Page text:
• The level of sugar in the blood decreases.

In a normal scenario, this is the case.

How does the resistance of cells to insulin appear:

• With huge portions with high calories, a lot of carbohydrates, excess fat, sugar and flour, blood sugar does not rise, but takes off. This is a serious stress.

• The pancreas must rapidly release a lot of insulin into the blood, it makes a jerk, and then, without having time to "catch its breath", it receives the next signal - and again produces insulin, and again it drags glucose into the cells.

• At such moments, you first feel euphoria (sugar rose from the donut), and then failure, hunger and a new craving for carbohydrates.

• The cages, meanwhile, are also not rubber. Of course, they need the energy that insulin drags every hour - but not in the same frenzied amount and not so often! And they start to "block", they just don't take glucose anymore, and that's it. Insulin knocks, but no one opens it. This is called insulin resistance.

• And this is where the saving adipose tissue comes into play. Muscles do not take it, the liver does not take it, but fat will take with pleasure, this is our defense mechanism. First, subcutaneous fat grows (as long as the resource is enough), but then the visceral fat begins to clog... A difficult story with a sad ending.

What Is the Best Diet for Insulin Resistance?

The best solution is to stop eating constantly and start eating thoughtfully and REGULARLY.

The main thing is that there is a system. Modest portions. Normal food, human-nothing refined. And training.

Of course, we are not talking about people with a diagnosis, but about those who want to prevent trouble.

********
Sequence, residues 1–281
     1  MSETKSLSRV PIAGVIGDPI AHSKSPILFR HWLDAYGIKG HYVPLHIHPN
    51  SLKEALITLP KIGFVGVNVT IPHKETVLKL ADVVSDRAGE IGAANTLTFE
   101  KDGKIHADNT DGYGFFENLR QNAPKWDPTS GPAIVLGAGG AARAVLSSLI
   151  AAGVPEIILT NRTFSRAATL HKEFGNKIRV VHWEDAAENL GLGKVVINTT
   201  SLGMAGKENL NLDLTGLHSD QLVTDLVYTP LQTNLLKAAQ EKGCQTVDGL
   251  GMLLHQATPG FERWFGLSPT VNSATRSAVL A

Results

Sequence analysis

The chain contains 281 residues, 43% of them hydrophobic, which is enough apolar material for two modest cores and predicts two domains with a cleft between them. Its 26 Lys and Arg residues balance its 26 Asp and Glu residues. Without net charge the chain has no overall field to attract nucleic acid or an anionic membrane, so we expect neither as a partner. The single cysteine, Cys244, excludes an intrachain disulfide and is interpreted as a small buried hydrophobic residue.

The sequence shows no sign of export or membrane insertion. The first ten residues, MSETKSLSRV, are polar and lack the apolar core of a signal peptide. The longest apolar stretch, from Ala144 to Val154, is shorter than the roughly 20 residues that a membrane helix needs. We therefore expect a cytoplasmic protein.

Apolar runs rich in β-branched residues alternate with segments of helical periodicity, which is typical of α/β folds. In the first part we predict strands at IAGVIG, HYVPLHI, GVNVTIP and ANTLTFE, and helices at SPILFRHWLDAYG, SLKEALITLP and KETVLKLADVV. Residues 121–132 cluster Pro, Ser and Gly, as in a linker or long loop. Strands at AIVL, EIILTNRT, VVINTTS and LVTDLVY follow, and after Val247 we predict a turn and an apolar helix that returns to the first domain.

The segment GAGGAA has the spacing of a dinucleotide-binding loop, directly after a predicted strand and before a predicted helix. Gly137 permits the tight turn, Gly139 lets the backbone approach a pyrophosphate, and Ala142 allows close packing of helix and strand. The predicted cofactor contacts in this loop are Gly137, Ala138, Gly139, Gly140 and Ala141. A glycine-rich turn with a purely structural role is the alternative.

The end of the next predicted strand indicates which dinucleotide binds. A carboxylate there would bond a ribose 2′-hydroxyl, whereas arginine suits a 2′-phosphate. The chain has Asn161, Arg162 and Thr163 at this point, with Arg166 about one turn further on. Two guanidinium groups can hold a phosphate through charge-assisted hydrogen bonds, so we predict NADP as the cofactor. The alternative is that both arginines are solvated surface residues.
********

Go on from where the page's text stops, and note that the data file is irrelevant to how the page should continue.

It is necessary to plan your meals in advance.

You can take it for a day:

• 50 grams of cereals in dry form.

• 100 grams of berries.

• A small amount of milk in the coffee (if required).

• 400 grams of different vegetables and herbs.

• 50 grams of legumes.

• 300-400 grams of protein products in raw form (for example, 150 grams of lean veal and 150 grams of fish).

5 meals:

1. In the morning, make porridge with berries and add to it a spoonful of any good oil, a protein component for satiety. An egg, for example.

Or scrambled eggs with avocado and red fish.

2. For a snack, you can take, for example, baked cheesecakes (only cook them from normal cottage cheese, 9%) without grain flour. Chickpea and coconut are a great alternative.

3. Lunch - 150 grams of chicken or fish + 200 grams of fresh salad or stewed vegetables. A little olive oil.

4. Dinner-similarly. Add more herbs, especially parsley.

5. Before going to bed, you can drink a protein shake or eat 3 pure proteins.

William Toro

William Toro ‧ CPT & Nutritionist

William is a certified personal trainer from NASM, he has also been a rehab physiologist for sports persons. He has more than 15 years of experience training people. And has featured in multiple publications like FoxNews, CNBC, Bustle, and other. 


1. G Riccardi, A A Rivellese, Effects of dietary fiber and carbohydrate on glucose and lipoprotein metabolism in diabetic patients, retrieved from https://pubmed.ncbi.nlm.nih.gov/1663443/
2. G Riccardi, R Giacco, A A Rivellese, Dietary fat, insulin sensitivity and the metabolic syndrome, retrieved from https://pubmed.ncbi.nlm.nih.gov/15297079/
3. Meghana D. Gadgil, MD, MPH, Lawrence J. Appel, MD, MPH, Edwina Yeung, PHD, Cheryl A.M. Anderson, PHD, MPH, MS, Frank M. Sacks, MD, Edgar R. Miller III, PHD, MD, The Effects of Carbohydrate, Unsaturated Fat, and Protein Intake on Measures of Insulin Sensitivity, retrieved from https://care.diabetesjournals.org/content/36/5/1132
4. Dina Aronson, MS, RD, Cortisol — Its Role in Stress, Inflammation, and Indications for Diet Therapy, retrieved from https://www.todaysdietitian.com/newarchives/111609p38.shtml
5. Stephanie Watson,  Michael Dansinger, MD, How Insulin Works, retrieved from https://www.webmd.com/diabetes/insulin-explained